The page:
While the New Brunswick PC government may be acting legally, are they acting as true partners with Mi’kmaq Chiefs?
PC cabinet approved Sussex-area exemption in province-wide moratorium
Jake Stewart, minister of aboriginal affairs, said while he would respect the government’s legal obligations to consult First Nations about partially lifting the shale gas moratorium, that obligation only began when the order-in-council was approved. (CBC)
The Higgs government is defending its decision to wait until its partial lifting of a moratorium on fracking to begin consultations with Indigenous people on shale gas development.
Aboriginal Affairs Minister Jake Stewart told the legislature Thursday he would respect the government’s legal obligations to consult First Nations about the possible resumption of shale gas development in the Sussex area.
But he said that obligation only kicked in with the recent cabinet approval of an order-in-council allowing an exemption from the province-wide moratorium.
The previous Liberal government imposed the province-wide moratorium on fracking after winning the 2014 election, a campaign dominated by the shale gas issue.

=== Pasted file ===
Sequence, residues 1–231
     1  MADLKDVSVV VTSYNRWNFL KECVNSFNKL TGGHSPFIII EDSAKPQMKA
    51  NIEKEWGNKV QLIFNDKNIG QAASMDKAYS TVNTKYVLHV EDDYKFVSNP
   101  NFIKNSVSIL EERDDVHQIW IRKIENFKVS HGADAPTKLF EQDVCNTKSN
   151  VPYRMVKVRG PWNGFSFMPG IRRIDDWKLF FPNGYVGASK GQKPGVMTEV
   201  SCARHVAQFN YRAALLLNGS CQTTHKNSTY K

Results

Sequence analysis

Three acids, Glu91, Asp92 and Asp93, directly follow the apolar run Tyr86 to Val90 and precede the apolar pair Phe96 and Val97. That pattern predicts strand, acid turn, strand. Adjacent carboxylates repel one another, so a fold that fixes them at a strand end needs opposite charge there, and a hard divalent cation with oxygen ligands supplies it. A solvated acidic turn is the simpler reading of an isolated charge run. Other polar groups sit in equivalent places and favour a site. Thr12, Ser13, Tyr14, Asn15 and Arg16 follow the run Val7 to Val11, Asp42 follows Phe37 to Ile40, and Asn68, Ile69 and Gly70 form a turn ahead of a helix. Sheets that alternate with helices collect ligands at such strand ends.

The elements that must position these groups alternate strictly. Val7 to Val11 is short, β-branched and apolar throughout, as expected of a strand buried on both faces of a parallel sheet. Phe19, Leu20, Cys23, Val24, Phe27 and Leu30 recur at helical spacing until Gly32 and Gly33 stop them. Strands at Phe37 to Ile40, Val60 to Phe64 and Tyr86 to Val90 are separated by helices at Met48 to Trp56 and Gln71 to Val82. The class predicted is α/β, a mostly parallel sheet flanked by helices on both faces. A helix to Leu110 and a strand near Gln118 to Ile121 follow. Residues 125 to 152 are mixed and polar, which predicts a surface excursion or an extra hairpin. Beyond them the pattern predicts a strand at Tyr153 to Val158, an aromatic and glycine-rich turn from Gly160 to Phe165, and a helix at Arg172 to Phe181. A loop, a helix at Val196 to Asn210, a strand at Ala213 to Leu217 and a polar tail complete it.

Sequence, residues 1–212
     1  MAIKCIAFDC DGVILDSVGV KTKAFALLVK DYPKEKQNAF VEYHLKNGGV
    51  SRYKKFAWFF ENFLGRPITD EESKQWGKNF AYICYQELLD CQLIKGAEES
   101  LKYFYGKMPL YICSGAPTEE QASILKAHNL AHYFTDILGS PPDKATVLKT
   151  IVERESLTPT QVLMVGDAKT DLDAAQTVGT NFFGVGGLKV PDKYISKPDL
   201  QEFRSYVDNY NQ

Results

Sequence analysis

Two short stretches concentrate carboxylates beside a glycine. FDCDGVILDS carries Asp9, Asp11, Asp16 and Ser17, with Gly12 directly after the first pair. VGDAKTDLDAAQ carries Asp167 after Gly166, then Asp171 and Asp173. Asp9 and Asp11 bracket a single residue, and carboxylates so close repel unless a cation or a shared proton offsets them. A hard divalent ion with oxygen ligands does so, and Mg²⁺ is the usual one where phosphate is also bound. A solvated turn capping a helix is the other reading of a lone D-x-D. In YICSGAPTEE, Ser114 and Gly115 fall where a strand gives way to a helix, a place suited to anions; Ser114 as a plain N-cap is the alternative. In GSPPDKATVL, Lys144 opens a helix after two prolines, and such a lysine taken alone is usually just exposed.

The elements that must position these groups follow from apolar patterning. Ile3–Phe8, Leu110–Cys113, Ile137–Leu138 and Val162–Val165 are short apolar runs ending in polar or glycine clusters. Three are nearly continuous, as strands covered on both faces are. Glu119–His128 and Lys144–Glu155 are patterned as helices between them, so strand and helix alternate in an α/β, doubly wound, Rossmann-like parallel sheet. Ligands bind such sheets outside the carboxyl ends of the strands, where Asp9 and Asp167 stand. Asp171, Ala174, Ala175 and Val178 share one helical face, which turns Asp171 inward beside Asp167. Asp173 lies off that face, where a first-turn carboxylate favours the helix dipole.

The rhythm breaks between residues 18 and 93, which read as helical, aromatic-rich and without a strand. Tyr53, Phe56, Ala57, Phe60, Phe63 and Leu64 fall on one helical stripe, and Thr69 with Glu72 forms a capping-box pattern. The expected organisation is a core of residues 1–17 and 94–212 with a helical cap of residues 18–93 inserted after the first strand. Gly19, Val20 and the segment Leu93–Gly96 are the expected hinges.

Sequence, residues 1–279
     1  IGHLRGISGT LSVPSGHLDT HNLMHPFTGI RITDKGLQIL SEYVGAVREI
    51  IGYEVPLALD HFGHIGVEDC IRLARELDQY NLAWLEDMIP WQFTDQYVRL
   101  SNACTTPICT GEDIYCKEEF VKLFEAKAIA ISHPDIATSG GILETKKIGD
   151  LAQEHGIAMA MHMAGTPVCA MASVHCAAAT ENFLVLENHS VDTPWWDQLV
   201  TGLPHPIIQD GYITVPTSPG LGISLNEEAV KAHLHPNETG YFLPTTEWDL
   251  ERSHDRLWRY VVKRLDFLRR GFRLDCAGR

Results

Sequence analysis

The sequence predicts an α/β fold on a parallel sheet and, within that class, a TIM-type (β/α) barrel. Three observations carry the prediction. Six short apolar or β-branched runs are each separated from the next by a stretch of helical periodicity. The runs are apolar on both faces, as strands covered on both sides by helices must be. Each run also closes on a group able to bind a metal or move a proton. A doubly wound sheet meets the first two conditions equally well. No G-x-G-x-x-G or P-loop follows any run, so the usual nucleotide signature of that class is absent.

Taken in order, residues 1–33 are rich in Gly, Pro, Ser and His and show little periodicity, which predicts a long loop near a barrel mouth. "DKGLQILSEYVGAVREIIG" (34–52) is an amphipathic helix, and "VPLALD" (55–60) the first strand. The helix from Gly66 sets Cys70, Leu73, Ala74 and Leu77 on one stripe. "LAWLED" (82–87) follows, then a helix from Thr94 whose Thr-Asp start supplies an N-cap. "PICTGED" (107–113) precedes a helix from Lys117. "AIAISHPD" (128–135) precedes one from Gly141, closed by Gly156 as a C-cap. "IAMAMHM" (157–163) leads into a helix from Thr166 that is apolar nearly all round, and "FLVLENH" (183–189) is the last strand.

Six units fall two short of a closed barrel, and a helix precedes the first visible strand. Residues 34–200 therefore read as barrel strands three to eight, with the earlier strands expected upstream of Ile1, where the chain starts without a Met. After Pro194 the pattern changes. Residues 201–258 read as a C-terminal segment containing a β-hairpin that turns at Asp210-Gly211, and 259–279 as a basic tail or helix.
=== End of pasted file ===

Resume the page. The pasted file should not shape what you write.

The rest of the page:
Last December, the Progressive Conservatives won a confidence vote in the legislature on their throne speech, which included a section on exempting the area around Sussex from the moratorium.
Corridor Resources started extracting gas in the Sussex area since 1999 but halted new fracking after the Liberal government of Brian Gallant imposed its moratorium after the 2014 election. (Pierre Fournier/CBC)
But opposition parties and Mi’kmaq chiefs are warning that the government may already have failed to fulfill its legal obligations.
“Consultation should take place early and often,” Chief Bill Ward of Metepenagiag First Nation said in a tweet. “Doing so after making the decision isn’t really consultation, it’s just notifying us. …Consultation is being treated as a ‘check mark’ in the list of things to do, rather than building an actual relationship.” MORE
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